American explorer in the Arctic Louise Arner Boyd was born in San Rafael, California, near San Francisco, into a family with a fortune made by her maternal great-grandfather in the California gold rush of 1849. A 1907 debutante, she became socially active in wealthy circles. In 1910, she joined her parents in a yearlong tour of Europe and Egypt.
By 1920, both of her parents had died, and Boyd inherited her family’s considerable wealth. She made another trip to Europe soon afterward. In 1924, she first ventured into the Arctic regions as a passenger on a Norwegian cruise ship.
In 1926, Boyd embarked on her first Arctic exploring expedition. In Norway, she chartered the ship Hobby and, along with a few friends, sailed northward into the Arctic Ocean to Franz Josef Land. This was primarily a recreational cruise in which Boyd and her companions hunted polar bears and seals, recording the trip with both motion pictures and photographs.
Boyd’s next expedition to the Arctic was in summer 1928. Again sailing from Norway on the Hobby, she assisted the Norwegian government in its search efforts for ROALD ENGLEBREGT GRAVNING AMUNDSEN, who had disappeared on a rescue mission on behalf of Italian Arctic explorer UMBERTO NOBILE and his expedition. During the next few months, Boyd and her companions on the Hobby explored eastward and westward from Spitsbergen (present-day Svalbard), covering more than 10,000 miles between Franz Josef Land and the Greenland Sea. Although the search for Amundsen was fruitless, the Norwegian government awarded Boyd the Chevalier Cross of the Order of St. Olav for her efforts. She was the first non-Norwegian woman to be so honored. In addition, she received from the French government the Cross of the Legion of Honor.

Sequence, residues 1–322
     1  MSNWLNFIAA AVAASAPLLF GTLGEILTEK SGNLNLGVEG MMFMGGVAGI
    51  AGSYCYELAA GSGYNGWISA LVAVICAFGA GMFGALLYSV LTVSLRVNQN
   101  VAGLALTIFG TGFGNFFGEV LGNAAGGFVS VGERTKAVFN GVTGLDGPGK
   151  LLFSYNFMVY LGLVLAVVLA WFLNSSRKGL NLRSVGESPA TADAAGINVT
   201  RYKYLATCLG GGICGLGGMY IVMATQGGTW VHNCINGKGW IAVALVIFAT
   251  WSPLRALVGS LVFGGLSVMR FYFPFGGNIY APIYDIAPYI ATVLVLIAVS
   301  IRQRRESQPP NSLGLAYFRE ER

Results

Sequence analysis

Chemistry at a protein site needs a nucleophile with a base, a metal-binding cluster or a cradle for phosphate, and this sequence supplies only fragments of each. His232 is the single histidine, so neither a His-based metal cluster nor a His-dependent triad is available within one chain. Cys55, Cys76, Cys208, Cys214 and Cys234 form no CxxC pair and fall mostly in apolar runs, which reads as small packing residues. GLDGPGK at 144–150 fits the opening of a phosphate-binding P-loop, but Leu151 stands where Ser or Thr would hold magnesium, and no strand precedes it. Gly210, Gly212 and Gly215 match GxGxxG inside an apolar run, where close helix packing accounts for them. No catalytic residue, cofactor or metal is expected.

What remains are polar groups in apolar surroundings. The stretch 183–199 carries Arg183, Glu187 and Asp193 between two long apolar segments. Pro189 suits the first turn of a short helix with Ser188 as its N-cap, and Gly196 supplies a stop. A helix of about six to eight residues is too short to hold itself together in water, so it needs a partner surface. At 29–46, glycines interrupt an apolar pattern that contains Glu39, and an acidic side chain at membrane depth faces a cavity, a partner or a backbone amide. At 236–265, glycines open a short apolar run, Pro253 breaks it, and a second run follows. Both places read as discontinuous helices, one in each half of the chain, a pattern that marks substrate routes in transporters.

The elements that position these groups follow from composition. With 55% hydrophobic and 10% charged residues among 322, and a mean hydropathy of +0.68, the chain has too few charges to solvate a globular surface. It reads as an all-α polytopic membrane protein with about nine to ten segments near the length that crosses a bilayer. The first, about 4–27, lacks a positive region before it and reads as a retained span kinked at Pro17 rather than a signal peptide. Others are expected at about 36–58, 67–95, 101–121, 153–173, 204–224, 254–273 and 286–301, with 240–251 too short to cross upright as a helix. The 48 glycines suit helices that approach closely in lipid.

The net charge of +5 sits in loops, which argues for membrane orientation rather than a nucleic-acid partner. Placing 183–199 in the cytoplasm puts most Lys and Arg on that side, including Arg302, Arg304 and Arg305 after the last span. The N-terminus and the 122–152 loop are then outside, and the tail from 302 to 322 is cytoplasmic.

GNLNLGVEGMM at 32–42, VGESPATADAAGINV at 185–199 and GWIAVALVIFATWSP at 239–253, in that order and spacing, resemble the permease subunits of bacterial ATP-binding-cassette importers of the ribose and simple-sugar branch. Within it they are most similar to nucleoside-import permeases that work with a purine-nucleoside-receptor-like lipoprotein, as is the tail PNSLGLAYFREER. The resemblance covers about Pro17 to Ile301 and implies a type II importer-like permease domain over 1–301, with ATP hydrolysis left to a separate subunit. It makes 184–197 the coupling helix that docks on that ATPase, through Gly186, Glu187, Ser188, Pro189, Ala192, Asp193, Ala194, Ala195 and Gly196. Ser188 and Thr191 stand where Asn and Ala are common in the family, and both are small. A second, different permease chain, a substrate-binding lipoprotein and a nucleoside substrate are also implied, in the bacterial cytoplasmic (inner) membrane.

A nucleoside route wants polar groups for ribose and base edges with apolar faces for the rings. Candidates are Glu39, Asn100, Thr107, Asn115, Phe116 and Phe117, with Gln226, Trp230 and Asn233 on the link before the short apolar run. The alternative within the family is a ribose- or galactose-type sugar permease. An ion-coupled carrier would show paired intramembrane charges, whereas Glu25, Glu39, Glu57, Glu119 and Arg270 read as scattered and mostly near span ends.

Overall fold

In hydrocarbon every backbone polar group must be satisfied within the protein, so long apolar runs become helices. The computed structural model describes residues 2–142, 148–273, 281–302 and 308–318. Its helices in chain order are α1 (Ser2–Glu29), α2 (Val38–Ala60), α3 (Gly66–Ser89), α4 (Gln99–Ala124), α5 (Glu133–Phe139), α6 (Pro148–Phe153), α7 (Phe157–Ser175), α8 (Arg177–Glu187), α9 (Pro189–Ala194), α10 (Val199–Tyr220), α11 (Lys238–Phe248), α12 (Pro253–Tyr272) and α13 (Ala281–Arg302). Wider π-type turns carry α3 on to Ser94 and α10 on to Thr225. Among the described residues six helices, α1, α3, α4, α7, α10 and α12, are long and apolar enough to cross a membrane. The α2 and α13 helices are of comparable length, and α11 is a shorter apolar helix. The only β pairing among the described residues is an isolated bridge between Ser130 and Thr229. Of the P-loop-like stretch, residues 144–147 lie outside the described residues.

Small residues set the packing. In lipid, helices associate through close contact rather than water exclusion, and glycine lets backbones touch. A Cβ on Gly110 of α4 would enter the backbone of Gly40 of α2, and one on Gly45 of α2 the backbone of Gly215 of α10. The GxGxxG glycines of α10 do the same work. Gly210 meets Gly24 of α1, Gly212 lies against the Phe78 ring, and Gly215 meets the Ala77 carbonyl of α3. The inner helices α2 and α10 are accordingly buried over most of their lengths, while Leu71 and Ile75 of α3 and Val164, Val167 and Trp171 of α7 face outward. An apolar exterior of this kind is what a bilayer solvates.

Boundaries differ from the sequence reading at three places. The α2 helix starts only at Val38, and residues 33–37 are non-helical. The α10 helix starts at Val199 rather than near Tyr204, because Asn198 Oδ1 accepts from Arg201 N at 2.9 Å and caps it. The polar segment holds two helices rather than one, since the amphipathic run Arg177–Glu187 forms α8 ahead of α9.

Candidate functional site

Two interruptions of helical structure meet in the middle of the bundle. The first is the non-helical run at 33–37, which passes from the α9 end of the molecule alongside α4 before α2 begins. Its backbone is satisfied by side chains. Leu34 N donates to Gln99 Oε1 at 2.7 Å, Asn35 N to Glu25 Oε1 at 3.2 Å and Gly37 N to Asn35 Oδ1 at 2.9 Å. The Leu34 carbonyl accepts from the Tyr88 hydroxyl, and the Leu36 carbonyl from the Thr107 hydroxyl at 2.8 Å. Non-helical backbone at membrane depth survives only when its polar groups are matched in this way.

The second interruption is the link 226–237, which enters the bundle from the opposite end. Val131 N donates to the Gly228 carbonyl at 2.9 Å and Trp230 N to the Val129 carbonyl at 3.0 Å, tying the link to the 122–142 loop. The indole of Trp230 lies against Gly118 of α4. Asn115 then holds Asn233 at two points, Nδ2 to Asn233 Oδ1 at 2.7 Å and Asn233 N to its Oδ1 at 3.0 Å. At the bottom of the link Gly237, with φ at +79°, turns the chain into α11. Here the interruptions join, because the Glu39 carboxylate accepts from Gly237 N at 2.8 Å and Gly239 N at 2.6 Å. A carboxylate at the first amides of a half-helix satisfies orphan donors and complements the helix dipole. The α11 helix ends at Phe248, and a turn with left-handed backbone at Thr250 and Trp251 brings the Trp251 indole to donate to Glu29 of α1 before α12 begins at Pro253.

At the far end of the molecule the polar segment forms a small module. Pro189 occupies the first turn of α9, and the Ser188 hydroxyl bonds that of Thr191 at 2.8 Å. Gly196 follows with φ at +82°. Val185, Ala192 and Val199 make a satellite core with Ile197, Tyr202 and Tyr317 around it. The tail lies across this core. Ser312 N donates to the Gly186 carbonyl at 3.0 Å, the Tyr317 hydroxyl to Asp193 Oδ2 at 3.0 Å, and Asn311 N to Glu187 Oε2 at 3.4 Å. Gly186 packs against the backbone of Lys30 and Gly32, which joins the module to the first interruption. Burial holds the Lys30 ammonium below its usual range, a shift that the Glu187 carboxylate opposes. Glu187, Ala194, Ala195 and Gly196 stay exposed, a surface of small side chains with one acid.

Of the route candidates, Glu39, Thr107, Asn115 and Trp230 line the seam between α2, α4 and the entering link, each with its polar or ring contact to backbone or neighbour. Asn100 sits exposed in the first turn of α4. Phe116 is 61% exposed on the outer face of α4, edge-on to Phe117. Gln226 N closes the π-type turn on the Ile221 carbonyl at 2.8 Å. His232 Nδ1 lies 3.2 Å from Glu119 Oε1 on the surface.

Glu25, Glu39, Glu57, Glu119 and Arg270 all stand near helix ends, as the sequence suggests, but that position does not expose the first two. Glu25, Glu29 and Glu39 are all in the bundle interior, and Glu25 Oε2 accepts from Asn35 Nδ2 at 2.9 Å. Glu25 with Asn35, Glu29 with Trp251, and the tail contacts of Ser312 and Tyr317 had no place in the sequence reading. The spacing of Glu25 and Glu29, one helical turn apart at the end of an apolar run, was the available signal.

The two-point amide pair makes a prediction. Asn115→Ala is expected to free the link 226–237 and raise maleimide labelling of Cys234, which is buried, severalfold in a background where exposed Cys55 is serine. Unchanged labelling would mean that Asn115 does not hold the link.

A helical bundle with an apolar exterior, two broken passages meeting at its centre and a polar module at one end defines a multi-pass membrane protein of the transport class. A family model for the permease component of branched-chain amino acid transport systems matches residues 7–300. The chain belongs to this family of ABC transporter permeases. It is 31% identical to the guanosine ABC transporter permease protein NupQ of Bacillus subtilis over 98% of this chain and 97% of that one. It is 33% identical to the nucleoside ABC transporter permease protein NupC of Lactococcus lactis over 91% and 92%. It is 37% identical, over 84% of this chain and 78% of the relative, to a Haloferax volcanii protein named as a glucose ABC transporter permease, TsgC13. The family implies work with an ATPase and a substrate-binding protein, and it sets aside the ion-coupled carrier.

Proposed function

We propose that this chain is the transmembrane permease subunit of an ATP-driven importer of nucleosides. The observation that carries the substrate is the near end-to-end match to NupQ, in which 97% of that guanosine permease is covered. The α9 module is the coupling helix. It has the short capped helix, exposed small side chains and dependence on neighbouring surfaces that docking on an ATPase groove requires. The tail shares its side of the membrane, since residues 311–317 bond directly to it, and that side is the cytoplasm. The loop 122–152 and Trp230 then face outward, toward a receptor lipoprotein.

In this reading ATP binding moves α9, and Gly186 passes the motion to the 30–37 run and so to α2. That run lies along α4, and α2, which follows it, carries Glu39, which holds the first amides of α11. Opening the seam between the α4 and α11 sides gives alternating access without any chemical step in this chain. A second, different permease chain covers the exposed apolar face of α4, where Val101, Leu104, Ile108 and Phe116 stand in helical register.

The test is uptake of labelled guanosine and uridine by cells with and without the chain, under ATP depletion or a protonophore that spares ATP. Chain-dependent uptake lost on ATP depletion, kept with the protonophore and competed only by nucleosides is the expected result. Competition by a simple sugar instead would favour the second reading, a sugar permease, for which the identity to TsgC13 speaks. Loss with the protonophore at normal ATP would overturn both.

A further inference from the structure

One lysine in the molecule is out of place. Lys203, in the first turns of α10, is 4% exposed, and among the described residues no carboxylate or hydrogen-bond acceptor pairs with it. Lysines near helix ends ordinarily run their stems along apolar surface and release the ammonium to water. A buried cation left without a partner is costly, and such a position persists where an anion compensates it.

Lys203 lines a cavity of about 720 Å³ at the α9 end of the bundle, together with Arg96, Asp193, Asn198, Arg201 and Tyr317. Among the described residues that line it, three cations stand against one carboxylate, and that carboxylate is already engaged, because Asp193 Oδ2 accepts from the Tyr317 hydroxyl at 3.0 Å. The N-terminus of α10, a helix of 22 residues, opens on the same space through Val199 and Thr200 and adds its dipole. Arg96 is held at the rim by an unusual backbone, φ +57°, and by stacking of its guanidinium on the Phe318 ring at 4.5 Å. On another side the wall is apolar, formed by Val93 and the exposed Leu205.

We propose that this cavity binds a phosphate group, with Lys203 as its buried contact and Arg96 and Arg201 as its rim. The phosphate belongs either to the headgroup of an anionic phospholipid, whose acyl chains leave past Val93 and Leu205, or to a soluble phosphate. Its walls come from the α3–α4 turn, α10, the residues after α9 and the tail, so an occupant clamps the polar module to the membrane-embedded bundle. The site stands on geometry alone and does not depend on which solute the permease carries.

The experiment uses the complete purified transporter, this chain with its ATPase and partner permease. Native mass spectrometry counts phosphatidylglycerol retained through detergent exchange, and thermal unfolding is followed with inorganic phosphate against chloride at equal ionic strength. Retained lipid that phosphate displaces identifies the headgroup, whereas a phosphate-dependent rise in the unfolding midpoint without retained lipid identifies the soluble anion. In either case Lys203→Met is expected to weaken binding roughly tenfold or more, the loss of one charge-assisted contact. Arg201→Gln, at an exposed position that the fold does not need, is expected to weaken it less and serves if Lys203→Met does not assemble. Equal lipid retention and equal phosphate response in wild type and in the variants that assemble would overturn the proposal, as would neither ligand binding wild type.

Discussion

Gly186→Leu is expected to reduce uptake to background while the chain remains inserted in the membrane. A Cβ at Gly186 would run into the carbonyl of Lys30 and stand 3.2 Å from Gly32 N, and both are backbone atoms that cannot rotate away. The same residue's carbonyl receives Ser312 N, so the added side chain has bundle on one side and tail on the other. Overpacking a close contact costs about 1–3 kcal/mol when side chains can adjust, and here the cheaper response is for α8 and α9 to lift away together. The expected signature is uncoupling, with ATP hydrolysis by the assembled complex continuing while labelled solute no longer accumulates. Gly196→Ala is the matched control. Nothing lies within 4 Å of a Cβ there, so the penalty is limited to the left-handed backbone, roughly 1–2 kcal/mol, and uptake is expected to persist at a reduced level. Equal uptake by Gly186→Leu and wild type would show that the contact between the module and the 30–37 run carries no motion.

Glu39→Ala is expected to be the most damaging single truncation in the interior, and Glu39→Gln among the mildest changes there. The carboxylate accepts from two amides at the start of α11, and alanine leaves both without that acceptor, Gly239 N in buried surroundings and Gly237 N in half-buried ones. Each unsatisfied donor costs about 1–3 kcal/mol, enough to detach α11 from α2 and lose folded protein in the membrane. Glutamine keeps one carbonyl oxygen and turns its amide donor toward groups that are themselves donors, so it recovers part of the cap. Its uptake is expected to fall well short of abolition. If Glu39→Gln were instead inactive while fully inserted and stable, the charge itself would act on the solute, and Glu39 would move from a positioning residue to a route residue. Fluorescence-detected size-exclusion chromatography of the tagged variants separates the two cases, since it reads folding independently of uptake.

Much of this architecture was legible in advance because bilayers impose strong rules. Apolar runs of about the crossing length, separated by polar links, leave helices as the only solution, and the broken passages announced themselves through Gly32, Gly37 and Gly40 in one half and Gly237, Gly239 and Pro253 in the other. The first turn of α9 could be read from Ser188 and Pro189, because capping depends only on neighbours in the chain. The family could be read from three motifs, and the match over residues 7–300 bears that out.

In 1931, Boyd undertook a scientifically oriented exploration of the Arctic, aimed at collecting geographic and geological data as well as making a photographic study of Arctic animals and plants. She engaged the ship the Veslekari and sailed to the east coast of GREENLAND. Among her party were a botanist, a big game hunter, and the writer Winifred Menzies. Boyd and her expedition stopped at an Inuit settlement near Scoresby Sound, where she made a study of their life and culture; she later reported the experience in a series of articles published in The Christian Science Monitor in 1932. In her surveys of Greenland’s east coast, she reached the uncharted De Geer Glacier. The region between De Geer Glacier and the Jaette Glacier was later named Louise Boyd Land, in her honor.
In summer 1933, Boyd undertook her third Arctic expedition, under the sponsorship of the AMERICAN GEOGRAPHICAL SOCIETY. Again sailing on the Veslekari, a vessel that she used on all her subsequent Arctic explorations, Boyd and her scientific team studied the glacial features along Greenland’s east coast. They explored north of Scoresby Sound, examining Franz Josef Fjord and King Oscar Fjord. A sonic depth finder was used on this expedition to study subsurface coastal features. Boyd recounted her experiences on this expedition in her book, The Fiord Region of East Greenland, published in 1935.
In 1937 and 1938, Boyd explored the Arctic seas north and east of Norway, between Bear Island and Jan Mayen Island. These two expeditions used ultrasonic depth research to determine the existence of a submarine ridge between these Arctic islands. Boyd’s book about this expedition was to be published in 1940. However, with the onset of World War II in Europe, she was advised by the U.S. government that the information included in it, especially her photographs, could be of a strategic value to the Germans. The work, The Coast of Northeast Greenland, was finally published in 1948.
In 1941, in connection with preparations for the impending war, the National Bureau of Standards commissioned Boyd to undertake an expedition to the Arctic region to study the effects of polar magnetic phenomenon on radio communications. After America’s entry into the war later that year, she became a technical adviser to the War Department on matters dealing with strategic planning in the Arctic. In recognition of her services, the U.S. Army awarded Boyd a Certificate of Appreciation in 1949, citing her valuable contributions of Arctic geographic knowledge to the war effort.
Boyd’s next and last Arctic exploit took place in 1955 when, at the age of 68, she chartered an airplane and became the first woman to fly over the NORTH POLE. She spent her last years in San Francisco, where she died at the age of 85.
Louise Arner Boyd’s Arctic explorations resulted in new geographic information about Greenland’s east coast and revealed significant features about the floor of the Greenland Sea. She was the first woman to play a leading role in the history of modern Arctic exploration.